Not Able to Breathe: Locals Complain Of Lack Of Visibility, Choking as Fire at Delhi’s Bhalswa Landfill Site Continues
The locals living near Bhalaswa dump yard in Delhi said the city government should take proper action on the situation of the dump yard.
New Delhi: As the massive fire that broke out at the Bhalswa landfill site in north Delhi on Tuesday still continues, locals in the area complained of lack of visibility and choking. Saying that they are not able to see and breathe properly, they said the city government should take proper action on the situation of the dump yard.
“We’re not able to breathe and see properly. The government should take proper action on the situation of the dump yard here,” locals living near Bhalaswa dump yard in Delhi, told News 18.
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In the meantime, the fire department said it had received information about the blaze around 5.47 PM on Tuesday, following which 10 fire tenders were rushed to the spot. According to Fire Department, 13 fire tenders were at the site to douse the flames.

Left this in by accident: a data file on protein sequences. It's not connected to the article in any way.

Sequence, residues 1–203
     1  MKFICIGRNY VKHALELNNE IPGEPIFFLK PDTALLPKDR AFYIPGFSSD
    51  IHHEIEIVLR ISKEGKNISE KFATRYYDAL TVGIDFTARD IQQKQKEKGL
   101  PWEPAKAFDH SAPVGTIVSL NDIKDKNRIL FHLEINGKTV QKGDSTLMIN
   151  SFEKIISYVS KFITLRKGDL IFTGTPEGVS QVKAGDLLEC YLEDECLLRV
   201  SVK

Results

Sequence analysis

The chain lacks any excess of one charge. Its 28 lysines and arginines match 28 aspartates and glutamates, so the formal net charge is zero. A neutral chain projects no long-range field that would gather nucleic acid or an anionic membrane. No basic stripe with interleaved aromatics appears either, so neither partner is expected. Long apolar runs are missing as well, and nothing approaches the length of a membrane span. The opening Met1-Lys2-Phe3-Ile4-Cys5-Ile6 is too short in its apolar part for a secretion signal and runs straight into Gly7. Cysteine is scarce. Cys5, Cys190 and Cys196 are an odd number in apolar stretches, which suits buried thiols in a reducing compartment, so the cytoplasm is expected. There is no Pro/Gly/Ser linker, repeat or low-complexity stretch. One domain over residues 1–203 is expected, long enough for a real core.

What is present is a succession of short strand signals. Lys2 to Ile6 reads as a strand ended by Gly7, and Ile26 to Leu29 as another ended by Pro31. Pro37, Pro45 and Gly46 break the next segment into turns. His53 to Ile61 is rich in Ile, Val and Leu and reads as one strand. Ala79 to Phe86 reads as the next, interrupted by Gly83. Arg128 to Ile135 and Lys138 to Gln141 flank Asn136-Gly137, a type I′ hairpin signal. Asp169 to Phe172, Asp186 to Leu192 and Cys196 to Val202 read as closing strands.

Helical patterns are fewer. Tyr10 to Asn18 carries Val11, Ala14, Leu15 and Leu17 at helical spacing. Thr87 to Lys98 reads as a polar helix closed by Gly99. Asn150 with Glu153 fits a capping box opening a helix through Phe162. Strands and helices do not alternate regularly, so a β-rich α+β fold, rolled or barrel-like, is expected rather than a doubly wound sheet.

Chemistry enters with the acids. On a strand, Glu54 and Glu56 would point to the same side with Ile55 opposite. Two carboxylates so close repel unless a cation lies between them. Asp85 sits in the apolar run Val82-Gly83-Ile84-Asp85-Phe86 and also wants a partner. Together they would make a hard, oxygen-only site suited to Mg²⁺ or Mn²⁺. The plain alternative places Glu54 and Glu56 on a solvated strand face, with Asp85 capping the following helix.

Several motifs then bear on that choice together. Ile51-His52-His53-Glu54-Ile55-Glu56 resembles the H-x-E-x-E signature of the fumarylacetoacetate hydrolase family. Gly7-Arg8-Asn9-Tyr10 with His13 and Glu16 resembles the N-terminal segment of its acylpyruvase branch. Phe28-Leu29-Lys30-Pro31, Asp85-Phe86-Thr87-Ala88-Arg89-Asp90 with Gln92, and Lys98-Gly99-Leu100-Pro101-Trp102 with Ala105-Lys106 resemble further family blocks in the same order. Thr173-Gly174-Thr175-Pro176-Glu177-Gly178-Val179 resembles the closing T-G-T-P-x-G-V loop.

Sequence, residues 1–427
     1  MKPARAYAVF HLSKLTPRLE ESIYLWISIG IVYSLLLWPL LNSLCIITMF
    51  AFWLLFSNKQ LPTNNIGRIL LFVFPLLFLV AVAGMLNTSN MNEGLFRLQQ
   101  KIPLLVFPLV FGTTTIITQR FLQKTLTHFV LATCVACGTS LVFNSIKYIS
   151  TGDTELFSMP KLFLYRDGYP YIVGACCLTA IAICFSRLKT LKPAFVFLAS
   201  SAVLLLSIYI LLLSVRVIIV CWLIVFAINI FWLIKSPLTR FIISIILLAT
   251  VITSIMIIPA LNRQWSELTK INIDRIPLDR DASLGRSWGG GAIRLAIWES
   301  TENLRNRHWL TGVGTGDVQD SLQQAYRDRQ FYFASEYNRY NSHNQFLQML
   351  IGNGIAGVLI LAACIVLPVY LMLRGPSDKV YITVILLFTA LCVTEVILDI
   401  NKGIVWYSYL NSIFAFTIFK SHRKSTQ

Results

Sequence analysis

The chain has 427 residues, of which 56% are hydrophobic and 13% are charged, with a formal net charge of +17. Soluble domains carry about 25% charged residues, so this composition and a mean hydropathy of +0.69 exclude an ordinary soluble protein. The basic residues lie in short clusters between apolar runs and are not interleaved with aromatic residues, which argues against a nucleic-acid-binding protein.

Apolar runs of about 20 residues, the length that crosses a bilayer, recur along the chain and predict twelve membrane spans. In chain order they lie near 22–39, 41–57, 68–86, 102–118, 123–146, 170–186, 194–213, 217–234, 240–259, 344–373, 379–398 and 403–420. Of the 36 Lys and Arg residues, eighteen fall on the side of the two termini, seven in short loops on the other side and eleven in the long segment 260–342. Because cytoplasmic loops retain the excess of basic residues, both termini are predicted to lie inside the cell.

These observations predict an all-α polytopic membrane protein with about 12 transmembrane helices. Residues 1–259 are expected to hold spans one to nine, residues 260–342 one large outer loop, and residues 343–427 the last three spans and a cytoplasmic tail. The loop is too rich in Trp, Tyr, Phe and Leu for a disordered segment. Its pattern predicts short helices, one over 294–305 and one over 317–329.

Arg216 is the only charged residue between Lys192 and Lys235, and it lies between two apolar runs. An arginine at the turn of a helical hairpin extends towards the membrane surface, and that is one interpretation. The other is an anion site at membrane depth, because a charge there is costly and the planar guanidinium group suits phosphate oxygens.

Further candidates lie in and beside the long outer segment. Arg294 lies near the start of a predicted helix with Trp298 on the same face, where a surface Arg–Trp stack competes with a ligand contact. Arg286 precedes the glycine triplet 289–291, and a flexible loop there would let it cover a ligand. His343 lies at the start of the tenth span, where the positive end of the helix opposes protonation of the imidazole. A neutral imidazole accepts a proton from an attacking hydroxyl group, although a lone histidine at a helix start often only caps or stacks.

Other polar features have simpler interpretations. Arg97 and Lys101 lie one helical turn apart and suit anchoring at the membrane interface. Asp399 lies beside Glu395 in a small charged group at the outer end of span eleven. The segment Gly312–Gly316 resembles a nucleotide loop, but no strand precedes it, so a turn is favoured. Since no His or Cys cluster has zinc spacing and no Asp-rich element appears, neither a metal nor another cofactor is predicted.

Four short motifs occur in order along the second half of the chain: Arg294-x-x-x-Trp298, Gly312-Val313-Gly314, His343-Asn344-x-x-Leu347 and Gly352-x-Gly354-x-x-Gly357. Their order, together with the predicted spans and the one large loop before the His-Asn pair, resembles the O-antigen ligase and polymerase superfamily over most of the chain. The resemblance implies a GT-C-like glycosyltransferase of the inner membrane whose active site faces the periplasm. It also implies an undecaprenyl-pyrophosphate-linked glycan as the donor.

Massive fire at #Bhalswa landfill in Delhi;
The garbage mountain is burning;
Accident or intentional? @CPCB_OFFICIAL @DPCC_pollution @CAQM_official pic.twitter.com/spKAxd0300
— Bhavreen Kandhari (@BhavreenMK) April 26, 2022
Several videos of the incident showed the blaze engulfing the mountain of garbage, sending a dense plume of smoke into the sky and exacerbating the already polluted air in nearby areas.
Notably, three incidents of fire were reported this year in east Delhi’s Ghazipur landfill site, including the one on March 28 which was finally doused over 50 hours after it broke out. On Tuesday also, three more incidents of fire were reported in the capital.
School closed for 1 week: Meanwhile, Gyan Sarovar School, a child resource centre for underprivileged children of rag-pickers living near the Bhalswa landfill site in north Delhi, has been closed for a week due to a massive fire in the area which has been raging for over 20 hours.
Gyan Sarovar School is an informal urban school designed specifically for the underprivileged children of rag-pickers living near the major waste dump-yard.
Gopal Rai seeks report: On the other hand, Environment Minister Gopal Rai has asked the Delhi Pollution Control Committee (DPCC) to submit a report on the fire that broke out at Bhalswa landfill in north Delhi within 24 hours.
“Have instructed DPCC to investigate all aspects of the fire at Bhalswa landfill and submit a report within 24 hours,” the minister tweeted.
On April 21, Rai had said the Delhi government will study a system installed in Mumbai to capture methane from the rotting waste and replicate it in the capital to prevent fires at landfills.
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